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ARS Home » Research » Publications at this Location » Publication #80460


item Laird, David

Submitted to: Journal of Environmental Science and Technology
Publication Type: Peer Reviewed Journal
Publication Acceptance Date: 7/6/1998
Publication Date: N/A
Citation: N/A

Interpretive Summary: Copper is added to swine feed to reduce disease and increase weight gain, hence, relatively high levels of copper are found in swine waste. High copper levels are also found in sewage, municipal composts, and industrial wastes. We are concerned about the possible buildup of copper to toxic levels in soils receiving annual applications of copper rich waste over a period of many years. We found that copper is tightly held by both organic matter and minerals in soils. We also discovered that copper is strongly held by a relatively small fraction of the soil organic matter and that copper tends not to come back off soil once it has been adsorbed. This study provides basic information needed by scientists and environmentalists to assess the long term sustainability of repeated applications of copper rich wastes to agricultural fields. This study will help design better waste management systems benefitting both farmers on whose land the waste is applied and the general public by reducing the chances of copper damage on crops.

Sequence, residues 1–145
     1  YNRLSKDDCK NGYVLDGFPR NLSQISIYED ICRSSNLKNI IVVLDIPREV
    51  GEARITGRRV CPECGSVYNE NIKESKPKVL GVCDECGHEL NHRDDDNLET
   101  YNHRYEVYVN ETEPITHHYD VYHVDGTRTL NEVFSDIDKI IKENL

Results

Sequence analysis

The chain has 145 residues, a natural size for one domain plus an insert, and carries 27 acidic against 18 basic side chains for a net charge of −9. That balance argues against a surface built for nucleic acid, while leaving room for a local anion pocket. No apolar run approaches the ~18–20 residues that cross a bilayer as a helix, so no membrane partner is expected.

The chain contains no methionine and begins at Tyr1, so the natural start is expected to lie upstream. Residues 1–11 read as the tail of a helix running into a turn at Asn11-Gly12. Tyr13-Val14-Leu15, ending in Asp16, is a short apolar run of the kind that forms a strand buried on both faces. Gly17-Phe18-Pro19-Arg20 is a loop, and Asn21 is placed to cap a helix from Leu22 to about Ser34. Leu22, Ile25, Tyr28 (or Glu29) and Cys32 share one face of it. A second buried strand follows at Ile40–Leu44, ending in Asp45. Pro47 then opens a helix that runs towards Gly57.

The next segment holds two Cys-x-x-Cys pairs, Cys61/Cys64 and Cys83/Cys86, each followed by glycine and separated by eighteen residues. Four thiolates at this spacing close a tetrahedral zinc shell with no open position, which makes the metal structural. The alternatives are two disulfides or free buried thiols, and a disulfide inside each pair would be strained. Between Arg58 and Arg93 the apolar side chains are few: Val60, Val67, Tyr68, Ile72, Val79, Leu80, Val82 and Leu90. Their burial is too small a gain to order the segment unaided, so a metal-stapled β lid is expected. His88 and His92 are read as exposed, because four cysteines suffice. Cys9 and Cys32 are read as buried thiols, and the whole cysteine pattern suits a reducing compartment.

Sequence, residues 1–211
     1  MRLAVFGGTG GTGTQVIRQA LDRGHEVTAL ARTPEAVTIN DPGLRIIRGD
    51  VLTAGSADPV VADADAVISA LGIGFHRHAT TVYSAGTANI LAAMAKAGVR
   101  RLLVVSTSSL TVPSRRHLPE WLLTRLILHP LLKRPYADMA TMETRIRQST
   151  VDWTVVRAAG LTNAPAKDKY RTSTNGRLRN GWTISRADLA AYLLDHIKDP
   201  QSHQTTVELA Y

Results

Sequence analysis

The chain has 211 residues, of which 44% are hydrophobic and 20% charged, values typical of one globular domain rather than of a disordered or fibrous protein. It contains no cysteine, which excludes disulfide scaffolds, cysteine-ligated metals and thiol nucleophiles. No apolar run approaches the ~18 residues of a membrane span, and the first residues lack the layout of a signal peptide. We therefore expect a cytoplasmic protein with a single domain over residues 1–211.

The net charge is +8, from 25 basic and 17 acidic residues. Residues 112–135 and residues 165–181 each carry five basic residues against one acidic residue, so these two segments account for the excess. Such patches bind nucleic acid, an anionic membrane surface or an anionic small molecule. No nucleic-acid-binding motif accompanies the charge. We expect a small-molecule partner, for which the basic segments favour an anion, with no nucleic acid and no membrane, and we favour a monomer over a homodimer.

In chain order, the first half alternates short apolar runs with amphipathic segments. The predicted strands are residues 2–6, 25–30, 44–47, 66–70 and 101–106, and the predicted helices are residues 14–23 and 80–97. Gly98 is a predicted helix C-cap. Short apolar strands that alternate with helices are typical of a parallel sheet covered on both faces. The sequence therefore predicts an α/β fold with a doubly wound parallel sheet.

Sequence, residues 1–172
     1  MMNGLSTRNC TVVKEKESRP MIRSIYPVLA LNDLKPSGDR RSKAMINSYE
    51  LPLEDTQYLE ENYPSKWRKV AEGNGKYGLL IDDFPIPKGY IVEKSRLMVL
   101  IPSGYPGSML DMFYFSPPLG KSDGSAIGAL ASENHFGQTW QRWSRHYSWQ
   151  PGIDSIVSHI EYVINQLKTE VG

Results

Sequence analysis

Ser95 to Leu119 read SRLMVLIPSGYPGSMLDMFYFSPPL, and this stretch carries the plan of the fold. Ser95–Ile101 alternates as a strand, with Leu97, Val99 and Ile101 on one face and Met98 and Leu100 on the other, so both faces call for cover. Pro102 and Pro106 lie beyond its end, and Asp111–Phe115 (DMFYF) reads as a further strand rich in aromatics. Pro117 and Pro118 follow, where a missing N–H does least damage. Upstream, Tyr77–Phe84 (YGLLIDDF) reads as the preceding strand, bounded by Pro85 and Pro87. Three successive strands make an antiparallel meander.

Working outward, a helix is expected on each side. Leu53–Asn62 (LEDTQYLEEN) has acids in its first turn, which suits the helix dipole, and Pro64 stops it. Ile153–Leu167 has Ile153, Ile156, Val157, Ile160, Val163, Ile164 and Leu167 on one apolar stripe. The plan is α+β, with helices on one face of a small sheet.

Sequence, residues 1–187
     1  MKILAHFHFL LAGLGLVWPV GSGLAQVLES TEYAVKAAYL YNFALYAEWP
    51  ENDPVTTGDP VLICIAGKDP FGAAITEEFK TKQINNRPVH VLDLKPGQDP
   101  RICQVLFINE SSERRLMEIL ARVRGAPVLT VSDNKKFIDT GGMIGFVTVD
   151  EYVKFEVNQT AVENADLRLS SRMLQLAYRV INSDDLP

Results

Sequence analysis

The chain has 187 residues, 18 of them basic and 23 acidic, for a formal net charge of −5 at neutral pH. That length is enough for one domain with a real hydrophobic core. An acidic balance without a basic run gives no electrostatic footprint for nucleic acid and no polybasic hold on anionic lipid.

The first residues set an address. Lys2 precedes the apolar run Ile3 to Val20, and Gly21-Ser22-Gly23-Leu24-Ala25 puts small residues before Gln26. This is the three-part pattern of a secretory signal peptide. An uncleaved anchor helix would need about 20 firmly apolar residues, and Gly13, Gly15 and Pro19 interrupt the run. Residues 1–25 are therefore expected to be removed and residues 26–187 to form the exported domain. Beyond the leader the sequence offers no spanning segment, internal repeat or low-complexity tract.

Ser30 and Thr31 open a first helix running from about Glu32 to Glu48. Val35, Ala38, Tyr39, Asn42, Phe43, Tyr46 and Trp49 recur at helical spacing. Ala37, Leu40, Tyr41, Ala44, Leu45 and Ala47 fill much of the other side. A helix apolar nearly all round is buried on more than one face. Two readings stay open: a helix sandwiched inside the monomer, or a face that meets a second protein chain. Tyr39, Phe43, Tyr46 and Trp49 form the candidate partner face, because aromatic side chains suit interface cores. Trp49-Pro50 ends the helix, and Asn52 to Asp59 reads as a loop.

Technical Abstract: The objective of this study was to quantify sorption and desorption of Cu on various clay and clay-organic matter fractions separated from a Zook soil located in central Iowa. The clay was separated into four particle size fractions, and portions of each fraction were treated with H2O2 and/or dithionite-citrate-bicarbonate (DCB) for removal of organic matter and free-iron compounds, respectively. A batch-equilibration technique was employed to evaluate sorption of Cu at pH 6.0 in the presence of 0.01M CaCl2. The sorption isotherms show that Cu was preferentially sorbed on organic matter associated with the coarse clay fraction of the soil. After removal of organic matter, the fine clay (less that 0.02 um) exhibited higher Cu retention than did the coarse (0.2-2.0 um) and medium clay (0.02-0.2 um). The DCB treatment created or exposed high-affinity sites for Cu on the fine clay, but had little effect on Cu sorption for the coarse clay. Copper appears to be specifically sorbed on the surfaces of silicate clays in excess of that which can be accounted for by variable charge sites. The results suggest that Fe oxides may coat the surfaces of layer silicates, blocking access of Cu to potential sorption sites. Substantial sorption-desorption hysteresis was observed for all samples, suggesting that Cu forms high-energy bonds with both organic matter and layer-silicate surfaces.